Nobel-winning economist: end software patents and cut patent protection to 10 years

Gary Becker

America’s patent system has been under fire for years but, in recent months, the criticism has grown louder than ever. There are currently six bills before Congress to fix the problem of “patent trolls” and now a leading economist is calling for even more dramatic measures.

Gary Becker, a Nobel-prize winning professor at the University of Chicago, stated this week that the U.S. patent system is “too broad, too loose, and too expensive” and called for the end of software patents:

Disputes over software patents are among the most common, expensive, and counterproductive. Their exclusion from the patent system would discourage some software innovations, but the saving from litigation costs over disputed patent rights would more than compensate the economy for that cost.

Becker’s comments, which he made on a blog he co-authors with famous judge Richard Posner, noted that many innovations — such as Einstein’s theory of relativity, Darwin’s theory of evolution, or Keynes’ economic models — are ideas that can’t be patented because doing so would impede scientific discovery.

Becker also suggested that patent protection could be reduced from 20 years to 10, even in industries like pharmaceuticals that depend heavily on patents.

Patent troll problem worse than ever

Part of the need for reform, Becker says, comes as result of patent trolls (shell companies that don’t make anything but use old patents to sue those that do) engaging in “hold ups.”

The economist’s comments echo those of Judge Posner, who has blasted the patent system as “dysfunctional” and, this week, noted: “The problem of patent trolls is a function in part of the promiscuity with which the patent office has issued patents in recent years.”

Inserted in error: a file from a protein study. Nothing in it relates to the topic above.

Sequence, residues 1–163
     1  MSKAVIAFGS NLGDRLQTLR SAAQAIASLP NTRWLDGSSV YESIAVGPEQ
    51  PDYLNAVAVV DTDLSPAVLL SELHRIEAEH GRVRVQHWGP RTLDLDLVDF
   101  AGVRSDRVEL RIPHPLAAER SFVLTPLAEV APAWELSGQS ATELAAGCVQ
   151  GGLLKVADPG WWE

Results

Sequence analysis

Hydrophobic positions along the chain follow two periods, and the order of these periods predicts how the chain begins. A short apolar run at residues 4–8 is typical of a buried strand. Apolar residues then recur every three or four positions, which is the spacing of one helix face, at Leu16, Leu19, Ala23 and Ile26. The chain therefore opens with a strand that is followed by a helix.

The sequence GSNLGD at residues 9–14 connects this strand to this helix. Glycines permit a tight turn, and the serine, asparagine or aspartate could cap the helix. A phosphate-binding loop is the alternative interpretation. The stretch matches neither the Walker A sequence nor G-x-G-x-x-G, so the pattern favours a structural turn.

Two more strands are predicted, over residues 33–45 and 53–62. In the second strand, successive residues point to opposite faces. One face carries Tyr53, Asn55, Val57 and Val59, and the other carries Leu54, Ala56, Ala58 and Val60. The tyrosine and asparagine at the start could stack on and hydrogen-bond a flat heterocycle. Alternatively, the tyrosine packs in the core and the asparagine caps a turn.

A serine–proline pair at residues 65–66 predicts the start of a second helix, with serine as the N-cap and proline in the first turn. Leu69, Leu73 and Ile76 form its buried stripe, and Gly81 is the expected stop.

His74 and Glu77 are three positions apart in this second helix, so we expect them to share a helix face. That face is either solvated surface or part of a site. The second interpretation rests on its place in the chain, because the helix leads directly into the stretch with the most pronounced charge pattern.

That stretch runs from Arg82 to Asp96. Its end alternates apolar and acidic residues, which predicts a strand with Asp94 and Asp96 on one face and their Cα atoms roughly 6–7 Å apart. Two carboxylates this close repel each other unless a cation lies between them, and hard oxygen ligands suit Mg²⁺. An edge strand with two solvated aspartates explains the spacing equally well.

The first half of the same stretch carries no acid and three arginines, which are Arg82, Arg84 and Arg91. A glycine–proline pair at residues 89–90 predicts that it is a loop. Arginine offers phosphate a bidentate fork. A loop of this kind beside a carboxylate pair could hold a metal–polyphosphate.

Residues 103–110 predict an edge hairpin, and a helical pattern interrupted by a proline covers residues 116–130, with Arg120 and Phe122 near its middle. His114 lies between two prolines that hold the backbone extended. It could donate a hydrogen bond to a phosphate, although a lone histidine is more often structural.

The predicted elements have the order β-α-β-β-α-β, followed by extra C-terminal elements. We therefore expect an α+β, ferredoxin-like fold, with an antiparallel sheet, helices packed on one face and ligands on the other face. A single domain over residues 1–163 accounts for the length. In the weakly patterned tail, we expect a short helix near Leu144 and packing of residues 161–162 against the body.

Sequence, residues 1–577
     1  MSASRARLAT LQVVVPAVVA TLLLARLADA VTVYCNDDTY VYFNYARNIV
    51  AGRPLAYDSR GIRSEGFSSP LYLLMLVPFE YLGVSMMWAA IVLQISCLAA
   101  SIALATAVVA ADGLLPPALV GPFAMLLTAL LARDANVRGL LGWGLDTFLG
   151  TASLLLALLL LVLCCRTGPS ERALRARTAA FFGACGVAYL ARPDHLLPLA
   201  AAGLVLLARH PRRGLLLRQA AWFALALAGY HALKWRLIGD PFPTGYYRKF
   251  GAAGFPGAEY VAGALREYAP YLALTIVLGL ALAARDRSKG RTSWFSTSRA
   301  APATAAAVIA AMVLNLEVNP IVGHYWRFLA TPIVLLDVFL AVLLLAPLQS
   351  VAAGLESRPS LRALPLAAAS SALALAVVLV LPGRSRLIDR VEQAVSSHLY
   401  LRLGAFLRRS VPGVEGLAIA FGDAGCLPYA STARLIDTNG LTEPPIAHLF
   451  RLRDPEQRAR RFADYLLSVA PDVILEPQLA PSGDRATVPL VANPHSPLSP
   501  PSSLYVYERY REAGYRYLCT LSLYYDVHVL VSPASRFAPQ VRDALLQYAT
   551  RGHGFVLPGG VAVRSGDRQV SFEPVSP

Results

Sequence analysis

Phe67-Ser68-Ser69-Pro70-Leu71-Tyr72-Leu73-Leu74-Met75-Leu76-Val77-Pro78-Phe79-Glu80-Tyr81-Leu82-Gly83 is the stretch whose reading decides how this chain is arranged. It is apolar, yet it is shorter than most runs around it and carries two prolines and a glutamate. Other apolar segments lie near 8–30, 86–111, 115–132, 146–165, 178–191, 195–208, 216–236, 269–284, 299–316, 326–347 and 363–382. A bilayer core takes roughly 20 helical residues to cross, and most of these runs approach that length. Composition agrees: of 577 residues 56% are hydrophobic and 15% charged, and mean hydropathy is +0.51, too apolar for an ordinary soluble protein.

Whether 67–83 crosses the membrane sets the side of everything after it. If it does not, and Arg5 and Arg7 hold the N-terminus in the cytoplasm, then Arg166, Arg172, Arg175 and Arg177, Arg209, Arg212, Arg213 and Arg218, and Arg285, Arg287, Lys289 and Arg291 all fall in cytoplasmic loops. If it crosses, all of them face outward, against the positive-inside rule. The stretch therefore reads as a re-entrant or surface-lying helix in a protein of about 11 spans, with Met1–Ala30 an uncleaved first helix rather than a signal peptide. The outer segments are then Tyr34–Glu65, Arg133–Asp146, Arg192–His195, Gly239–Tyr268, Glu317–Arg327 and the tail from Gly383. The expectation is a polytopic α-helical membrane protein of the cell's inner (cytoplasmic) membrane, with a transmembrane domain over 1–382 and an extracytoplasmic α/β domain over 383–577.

Posner added that “Trolldom is becoming increasingly profitable” and still growing.

The new criticism from Becker and Posner adds to a growing swell from Congress, President Obama and many small innovators who are sued by trolls but can’t afford to go to court.

On the other side are those like Dan Abelow, a self-styled inventor and owner of business method patents who is affiliated with prominent trolls like Lodsys. Abelow defended his behavior in a recent PandoDaily article and, on Twitter, advocates his vision of innovation. Here’s a screenshot of the musings from the man whose patents are being used to sue dozens of small inventors:

Dan Abelow Twitter screenshot

The newest attempt to rein in the business method patents like the ones favored by Abelow comes by way of Reps. Darrell Issa (R-CA) and Judy Chu (D-CA). Their bill calls for an affordable review process to challenge suspect patents outside of the courtroom.

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